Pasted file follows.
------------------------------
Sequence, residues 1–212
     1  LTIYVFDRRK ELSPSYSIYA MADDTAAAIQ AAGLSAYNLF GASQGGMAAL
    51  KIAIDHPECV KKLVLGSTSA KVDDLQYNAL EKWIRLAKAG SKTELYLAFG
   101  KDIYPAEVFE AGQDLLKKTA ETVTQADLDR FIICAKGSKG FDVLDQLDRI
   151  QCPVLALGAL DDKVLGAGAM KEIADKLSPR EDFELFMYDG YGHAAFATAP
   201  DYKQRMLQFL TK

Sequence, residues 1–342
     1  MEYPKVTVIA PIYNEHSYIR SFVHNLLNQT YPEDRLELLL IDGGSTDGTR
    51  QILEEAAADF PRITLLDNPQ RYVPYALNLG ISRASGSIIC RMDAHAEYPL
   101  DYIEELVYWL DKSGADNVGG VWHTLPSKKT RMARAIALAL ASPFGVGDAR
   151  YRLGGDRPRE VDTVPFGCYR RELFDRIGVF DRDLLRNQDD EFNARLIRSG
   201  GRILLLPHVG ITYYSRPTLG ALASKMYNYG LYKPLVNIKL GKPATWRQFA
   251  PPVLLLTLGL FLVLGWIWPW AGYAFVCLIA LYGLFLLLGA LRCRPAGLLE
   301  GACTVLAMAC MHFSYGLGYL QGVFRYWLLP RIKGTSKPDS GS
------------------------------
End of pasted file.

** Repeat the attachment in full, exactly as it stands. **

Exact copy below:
Sequence, residues 1–212
     1  LTIYVFDRRK ELSPSYSIYA MADDTAAAIQ AAGLSAYNLF GASQGGMAAL
    51  KIAIDHPECV KKLVLGSTSA KVDDLQYNAL EKWIRLAKAG SKTELYLAFG
   101  KDIYPAEVFE AGQDLLKKTA ETVTQADLDR FIICAKGSKG FDVLDQLDRI
   151  QCPVLALGAL DDKVLGAGAM KEIADKLSPR EDFELFMYDG YGHAAFATAP
   201  DYKQRMLQFL TK

Sequence, residues 1–342
     1  MEYPKVTVIA PIYNEHSYIR SFVHNLLNQT YPEDRLELLL IDGGSTDGTR
    51  QILEEAAADF PRITLLDNPQ RYVPYALNLG ISRASGSIIC RMDAHAEYPL
   101  DYIEELVYWL DKSGADNVGG VWHTLPSKKT RMARAIALAL ASPFGVGDAR
   151  YRLGGDRPRE VDTVPFGCYR RELFDRIGVF DRDLLRNQDD EFNARLIRSG
   201  GRILLLPHVG ITYYSRPTLG ALASKMYNYG LYKPLVNIKL GKPATWRQFA
   251  PPVLLLTLGL FLVLGWIWPW AGYAFVCLIA LYGLFLLLGA LRCRPAGLLE
   301  GACTVLAMAC MHFSYGLGYL QGVFRYWLLP RIKGTSKPDS GS